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Criminal & traffic law

Getting protection under the Harassment Act

What counts as “harassment”?

What counts as “harassment” in the Harassment Act?

Harassment Act 1997, ss 3, 4

For there to be “harassment” as defined in the Harassment Act, there must be both of the following:

  • the type of behaviour set out in the Harassment Act, and
  • a pattern of behaviour (not just a one-off incident)

Step 1. Is it the type of behaviour that can amount to “harassment”?

These are the types of acts or incidents that can amount to harassment:

  • watching, hanging around, or blocking access to or from your home or workplace, or any other place you regularly or often visit
  • following, stopping or confronting you
  • coming into your home or onto your property, or interfering with your home or any of your things
  • contacting you – either by phone, letter, email or text, or through social media sites or apps like Facebook, or in any other way
  • giving you offensive material, or leaving it where you’ll find it or where someone else will give it to you or bring it to your attention – this includes posting offensive pictures or other material online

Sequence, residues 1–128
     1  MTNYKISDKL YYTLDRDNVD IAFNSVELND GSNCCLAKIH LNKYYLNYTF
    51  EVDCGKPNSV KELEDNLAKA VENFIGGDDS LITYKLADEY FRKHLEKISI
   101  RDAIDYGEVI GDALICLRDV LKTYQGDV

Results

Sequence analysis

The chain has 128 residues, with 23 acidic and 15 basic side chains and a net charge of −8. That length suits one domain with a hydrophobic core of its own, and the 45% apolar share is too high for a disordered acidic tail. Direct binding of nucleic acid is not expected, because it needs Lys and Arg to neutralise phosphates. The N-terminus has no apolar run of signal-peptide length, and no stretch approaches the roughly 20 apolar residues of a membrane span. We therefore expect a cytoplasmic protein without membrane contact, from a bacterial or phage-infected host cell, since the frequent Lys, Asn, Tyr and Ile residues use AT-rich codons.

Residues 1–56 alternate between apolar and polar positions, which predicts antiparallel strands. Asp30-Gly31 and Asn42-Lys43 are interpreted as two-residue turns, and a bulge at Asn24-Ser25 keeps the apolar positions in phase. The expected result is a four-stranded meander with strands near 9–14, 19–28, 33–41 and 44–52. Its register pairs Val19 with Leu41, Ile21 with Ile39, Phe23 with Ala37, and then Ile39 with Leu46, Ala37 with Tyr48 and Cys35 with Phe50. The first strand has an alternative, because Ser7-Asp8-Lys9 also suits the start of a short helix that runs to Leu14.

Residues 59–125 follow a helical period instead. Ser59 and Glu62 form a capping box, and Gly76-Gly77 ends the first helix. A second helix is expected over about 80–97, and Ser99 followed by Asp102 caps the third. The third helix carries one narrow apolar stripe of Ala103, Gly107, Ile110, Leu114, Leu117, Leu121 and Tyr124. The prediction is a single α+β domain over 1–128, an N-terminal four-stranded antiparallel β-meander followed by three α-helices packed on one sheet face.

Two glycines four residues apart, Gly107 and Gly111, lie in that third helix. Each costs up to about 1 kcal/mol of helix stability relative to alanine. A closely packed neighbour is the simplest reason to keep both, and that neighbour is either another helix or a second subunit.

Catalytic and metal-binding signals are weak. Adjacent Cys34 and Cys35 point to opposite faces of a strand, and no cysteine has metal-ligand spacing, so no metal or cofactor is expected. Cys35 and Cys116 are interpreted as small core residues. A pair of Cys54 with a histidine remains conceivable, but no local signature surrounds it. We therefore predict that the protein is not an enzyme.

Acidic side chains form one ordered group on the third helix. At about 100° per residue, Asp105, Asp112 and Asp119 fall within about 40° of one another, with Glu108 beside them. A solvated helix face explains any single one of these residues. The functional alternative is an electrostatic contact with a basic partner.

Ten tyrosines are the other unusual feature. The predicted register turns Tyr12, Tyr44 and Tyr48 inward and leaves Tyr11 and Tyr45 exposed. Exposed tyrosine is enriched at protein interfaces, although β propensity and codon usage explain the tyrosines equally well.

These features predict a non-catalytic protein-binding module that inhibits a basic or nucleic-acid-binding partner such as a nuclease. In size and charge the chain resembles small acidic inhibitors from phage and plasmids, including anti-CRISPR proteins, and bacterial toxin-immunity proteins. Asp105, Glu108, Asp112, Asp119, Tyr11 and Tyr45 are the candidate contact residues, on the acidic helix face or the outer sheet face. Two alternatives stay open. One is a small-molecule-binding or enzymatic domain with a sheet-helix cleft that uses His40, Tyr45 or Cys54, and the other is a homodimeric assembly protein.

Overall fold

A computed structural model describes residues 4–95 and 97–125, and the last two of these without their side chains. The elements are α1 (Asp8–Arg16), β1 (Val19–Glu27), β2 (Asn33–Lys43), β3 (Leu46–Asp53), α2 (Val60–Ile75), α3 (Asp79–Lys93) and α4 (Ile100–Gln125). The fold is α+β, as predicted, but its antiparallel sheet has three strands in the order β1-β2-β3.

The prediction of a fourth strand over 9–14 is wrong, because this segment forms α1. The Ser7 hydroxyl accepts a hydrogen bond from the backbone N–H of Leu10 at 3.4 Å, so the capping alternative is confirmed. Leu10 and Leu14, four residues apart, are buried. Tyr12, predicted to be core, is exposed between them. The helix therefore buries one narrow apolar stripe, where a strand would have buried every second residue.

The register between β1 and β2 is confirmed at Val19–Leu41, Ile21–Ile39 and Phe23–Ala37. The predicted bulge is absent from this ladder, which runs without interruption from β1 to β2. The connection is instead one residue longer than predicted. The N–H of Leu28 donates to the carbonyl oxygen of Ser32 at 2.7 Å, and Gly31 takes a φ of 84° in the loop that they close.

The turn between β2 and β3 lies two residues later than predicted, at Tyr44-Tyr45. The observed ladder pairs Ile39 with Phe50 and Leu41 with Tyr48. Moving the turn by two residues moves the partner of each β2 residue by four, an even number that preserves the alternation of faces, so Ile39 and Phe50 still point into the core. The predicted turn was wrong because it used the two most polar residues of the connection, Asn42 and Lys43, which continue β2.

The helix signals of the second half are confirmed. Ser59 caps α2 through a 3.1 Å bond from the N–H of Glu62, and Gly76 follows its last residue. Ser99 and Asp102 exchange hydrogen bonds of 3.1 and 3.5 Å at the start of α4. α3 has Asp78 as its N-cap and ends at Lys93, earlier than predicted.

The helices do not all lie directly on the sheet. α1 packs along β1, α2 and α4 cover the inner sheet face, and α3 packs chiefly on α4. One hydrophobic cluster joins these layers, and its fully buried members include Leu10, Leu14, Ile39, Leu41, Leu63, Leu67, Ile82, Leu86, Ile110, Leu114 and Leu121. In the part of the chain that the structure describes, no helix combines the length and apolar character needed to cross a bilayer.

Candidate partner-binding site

• doing anything else that makes you fear for your safety, and that would make a reasonable person in your situation fear for their safety. This includes where the harasser does the thing to a member of your family, rather than to you directly, in order to target you, and even if that family member doesn’t in fact fear for their own safety.

Harassment Act 1997, s 17

Note: It won’t count as harassment if the person is behaving this way for a “lawful purpose”. For example, a debt collector is allowed to contact you in ways that might usually amount to harassment, because they have a lawful purpose for contacting you – though it might become harassment if they go outside of their lawful purpose (e.g., if they continue to contact you after you’ve paid the money).

Step 2. Is there a pattern of behaviour?

It won’t be harassment if the other person just does something once – like sending you a single text. There has to be a “pattern” of behaviour, which can be either of the following: